Per condition: Cover for vets’ fees up to a maximum amount for each new condition, with no time limit provided you continue to pay your premiums. Once the maximum amount is reached, cover of the condition ceases.
Lifetime cover: Cover for vets’ fees up to a maximum amount, renewed annually and without exclusions on conditions which have arisen since the start of the policy. Expensive, but ensures cost of treatment for long-term problems can be met.
Accident only: The cheapest health care option, covering only claims for injuries caused by accidents.
Maximum amounts: Check whether amounts specified are per condition, or for all conditions claimed for during each period of insurance.
Third party cover
No owner nowadays can afford to be without third party public liability cover in case your dog damages property or, worse still, injures a person or another dog. Although included in more comprehensive packages don’t assume this to be the case. If you self-insure or have an accident-only policy, arrange for cover through a broker, or alternatively join Dogs Trust. Membership provides you with up to £1million of third party insurance cover, costs just £20 a year, and you’ll also be helping dogs in need. Visit www.dogstrust.org.uk or call 020 7837 0006 for more details.
Discounts that can reduce your premium may be offered if:
- Your pet is microchipped.
- Your pet is neutered.
- You insure multiple pets.
- You’re over a certain age.
- The policy is bought online.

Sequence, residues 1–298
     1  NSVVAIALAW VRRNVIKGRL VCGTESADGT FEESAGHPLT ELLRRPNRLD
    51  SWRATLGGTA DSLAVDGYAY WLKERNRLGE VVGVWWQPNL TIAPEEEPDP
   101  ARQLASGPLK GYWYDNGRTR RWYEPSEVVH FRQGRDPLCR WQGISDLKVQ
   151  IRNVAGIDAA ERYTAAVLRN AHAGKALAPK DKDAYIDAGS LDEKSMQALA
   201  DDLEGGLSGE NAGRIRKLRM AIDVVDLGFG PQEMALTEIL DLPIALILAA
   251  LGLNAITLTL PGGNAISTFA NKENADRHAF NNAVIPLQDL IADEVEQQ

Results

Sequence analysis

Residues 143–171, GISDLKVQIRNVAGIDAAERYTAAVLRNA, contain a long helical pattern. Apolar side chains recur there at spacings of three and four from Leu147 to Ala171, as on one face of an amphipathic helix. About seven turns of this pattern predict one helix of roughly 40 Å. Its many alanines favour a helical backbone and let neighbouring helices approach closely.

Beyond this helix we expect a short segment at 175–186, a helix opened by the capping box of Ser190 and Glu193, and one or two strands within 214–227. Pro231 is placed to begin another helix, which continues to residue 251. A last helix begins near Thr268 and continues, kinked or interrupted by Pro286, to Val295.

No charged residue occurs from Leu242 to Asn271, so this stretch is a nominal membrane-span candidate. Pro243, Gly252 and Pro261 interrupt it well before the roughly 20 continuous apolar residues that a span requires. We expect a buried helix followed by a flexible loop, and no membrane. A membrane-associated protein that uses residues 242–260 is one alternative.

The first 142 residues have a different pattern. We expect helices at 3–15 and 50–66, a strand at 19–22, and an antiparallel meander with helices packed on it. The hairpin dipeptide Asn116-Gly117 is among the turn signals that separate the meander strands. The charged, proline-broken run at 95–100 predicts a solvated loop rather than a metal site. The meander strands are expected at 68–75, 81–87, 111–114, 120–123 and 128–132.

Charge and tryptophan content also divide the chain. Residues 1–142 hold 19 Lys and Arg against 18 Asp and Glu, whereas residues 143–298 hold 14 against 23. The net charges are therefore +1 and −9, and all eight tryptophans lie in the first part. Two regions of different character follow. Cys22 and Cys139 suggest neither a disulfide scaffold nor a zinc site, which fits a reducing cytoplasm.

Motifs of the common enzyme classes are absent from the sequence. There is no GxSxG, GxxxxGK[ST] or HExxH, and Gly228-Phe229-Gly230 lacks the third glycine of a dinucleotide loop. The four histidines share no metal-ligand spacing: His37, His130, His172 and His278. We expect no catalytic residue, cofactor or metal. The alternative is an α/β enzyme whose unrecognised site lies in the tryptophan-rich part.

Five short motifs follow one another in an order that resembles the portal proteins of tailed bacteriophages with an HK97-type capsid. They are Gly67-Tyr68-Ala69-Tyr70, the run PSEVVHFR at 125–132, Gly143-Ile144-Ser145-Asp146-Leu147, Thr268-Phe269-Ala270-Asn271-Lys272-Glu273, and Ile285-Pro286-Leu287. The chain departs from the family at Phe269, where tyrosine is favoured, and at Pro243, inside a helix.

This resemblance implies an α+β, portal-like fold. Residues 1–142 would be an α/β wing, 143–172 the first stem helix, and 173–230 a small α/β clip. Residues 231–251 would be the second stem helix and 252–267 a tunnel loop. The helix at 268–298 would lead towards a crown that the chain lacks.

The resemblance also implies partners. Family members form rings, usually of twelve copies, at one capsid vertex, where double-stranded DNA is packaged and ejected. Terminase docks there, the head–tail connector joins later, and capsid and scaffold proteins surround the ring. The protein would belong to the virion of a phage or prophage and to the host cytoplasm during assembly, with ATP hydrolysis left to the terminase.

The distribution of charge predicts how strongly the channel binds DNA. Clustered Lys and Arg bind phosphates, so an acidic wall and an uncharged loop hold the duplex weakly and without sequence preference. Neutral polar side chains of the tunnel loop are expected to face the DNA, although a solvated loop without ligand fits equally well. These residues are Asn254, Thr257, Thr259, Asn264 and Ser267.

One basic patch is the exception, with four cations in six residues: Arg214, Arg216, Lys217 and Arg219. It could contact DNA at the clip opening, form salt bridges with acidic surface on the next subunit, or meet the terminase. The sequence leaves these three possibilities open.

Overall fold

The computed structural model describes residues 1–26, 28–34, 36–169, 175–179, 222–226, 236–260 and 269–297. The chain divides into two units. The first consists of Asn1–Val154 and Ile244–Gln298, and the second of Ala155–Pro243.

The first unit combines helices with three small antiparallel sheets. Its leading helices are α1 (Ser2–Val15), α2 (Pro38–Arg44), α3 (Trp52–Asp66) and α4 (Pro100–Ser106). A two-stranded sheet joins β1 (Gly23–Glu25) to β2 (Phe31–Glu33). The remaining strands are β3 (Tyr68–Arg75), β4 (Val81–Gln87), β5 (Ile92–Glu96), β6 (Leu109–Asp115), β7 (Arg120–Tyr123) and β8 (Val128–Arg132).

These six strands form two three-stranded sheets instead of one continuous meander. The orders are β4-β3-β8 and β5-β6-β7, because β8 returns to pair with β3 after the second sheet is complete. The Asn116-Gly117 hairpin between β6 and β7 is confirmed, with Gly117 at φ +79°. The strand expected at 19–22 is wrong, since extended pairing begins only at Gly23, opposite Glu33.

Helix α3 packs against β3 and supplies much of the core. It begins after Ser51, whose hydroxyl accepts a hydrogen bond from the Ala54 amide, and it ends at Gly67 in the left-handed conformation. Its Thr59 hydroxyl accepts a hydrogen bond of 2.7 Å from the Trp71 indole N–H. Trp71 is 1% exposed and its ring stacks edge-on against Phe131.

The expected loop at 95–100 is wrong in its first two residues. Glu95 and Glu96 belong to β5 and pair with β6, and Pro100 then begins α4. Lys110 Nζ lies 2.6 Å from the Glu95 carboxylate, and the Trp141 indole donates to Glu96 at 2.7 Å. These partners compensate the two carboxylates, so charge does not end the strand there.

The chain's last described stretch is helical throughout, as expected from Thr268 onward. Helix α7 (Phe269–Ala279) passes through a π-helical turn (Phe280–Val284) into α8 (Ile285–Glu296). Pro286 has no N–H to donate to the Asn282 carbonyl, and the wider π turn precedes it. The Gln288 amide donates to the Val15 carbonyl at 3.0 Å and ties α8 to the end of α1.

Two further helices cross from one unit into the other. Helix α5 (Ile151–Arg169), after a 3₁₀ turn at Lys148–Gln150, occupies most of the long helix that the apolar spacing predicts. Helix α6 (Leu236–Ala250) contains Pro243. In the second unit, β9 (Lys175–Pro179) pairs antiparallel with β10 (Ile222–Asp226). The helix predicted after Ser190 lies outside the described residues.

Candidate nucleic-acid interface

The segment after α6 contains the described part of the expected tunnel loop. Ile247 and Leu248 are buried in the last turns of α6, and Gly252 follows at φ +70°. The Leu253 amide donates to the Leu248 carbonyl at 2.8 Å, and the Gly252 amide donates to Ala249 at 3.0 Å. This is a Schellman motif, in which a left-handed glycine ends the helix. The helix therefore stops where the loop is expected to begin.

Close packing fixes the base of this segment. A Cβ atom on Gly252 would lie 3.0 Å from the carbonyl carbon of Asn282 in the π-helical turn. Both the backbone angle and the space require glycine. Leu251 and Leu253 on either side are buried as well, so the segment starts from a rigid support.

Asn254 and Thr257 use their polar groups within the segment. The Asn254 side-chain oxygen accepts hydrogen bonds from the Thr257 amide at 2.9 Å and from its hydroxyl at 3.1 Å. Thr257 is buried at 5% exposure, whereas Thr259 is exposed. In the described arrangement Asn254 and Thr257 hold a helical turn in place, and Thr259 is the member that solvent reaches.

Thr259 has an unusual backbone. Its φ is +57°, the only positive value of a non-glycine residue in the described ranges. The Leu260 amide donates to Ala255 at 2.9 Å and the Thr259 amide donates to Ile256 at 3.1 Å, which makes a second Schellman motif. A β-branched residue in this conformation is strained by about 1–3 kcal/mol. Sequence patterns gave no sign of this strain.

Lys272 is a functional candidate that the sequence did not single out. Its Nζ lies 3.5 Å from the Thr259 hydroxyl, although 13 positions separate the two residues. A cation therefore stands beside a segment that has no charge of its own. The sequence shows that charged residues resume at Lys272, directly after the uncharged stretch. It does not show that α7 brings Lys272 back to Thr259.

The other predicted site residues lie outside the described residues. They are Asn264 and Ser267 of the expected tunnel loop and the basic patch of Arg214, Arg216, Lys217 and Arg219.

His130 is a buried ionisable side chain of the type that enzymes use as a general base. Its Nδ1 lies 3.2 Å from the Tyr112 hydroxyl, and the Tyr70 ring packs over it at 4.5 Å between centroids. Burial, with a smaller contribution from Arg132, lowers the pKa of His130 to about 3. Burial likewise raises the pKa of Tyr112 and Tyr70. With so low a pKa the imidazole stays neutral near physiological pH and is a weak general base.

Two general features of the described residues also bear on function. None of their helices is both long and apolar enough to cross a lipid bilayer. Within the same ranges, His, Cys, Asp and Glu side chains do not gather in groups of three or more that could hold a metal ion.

- You opt to pay a voluntary excess (a sum in addition to the compulsory excess).
- You pay annually instead of in monthly instalments.
Don’t try to hide facts from your insurer, as the truth is bound to come out if you need to make a claim and it may invalidate your policy. If you’re not sure whether you need to declare anything, check with the insurer.
If you don’t want to take out an insurance policy, make provision for vets’ bills by opening an account and regularly depositing money into it each month. Remember though, you are gambling that if your pet becomes ill or injured, there will be sufficient funds in the kitty to cover the costs.
Find out how claims are paid — directly to the vet, or if you pay the vet yourself, with the insurance company then reimbursing you. As the sum could be quite large, the first option is preferable from your point of view, but check that your vet is happy with this arrangement.
Making a complaint
If you feel you have a grievance about your insurance company, try to resolve it directly with the company concerned. If you’re not satisfied with the response, contact the Financial Ombudsman.
This is a completely independent and impartial service which is free to consumers. Visit www.financial-ombudsman.org.uk or call 0300 123 9123 for more details.
Did you know?
- Vets’ bills can account for up to 30 per cent of the lifetime cost of owning a dog.
- During the last five years, 56 per cent of vets have had to euthanise pet dogs and cats because the owner couldn’t afford veterinary treatment.
- Around a third of policy holders make a claim on their insurance every year.
- Check your policy covers travel abroad if you’re planning to take your pet away with you.